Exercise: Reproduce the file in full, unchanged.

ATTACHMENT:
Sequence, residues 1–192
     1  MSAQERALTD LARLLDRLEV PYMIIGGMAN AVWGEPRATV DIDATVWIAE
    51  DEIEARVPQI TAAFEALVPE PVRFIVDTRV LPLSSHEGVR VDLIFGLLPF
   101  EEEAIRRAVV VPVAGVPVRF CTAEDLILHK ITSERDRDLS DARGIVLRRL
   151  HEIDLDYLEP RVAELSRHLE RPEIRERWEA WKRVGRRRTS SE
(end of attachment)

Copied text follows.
Sequence, residues 1–192
     1  MSAQERALTD LARLLDRLEV PYMIIGGMAN AVWGEPRATV DIDATVWIAE
    51  DEIEARVPQI TAAFEALVPE PVRFIVDTRV LPLSSHEGVR VDLIFGLLPF
   101  EEEAIRRAVV VPVAGVPVRF CTAEDLILHK ITSERDRDLS DARGIVLRRL
   151  HEIDLDYLEP RVAELSRHLE RPEIRERWEA WKRVGRRRTS SE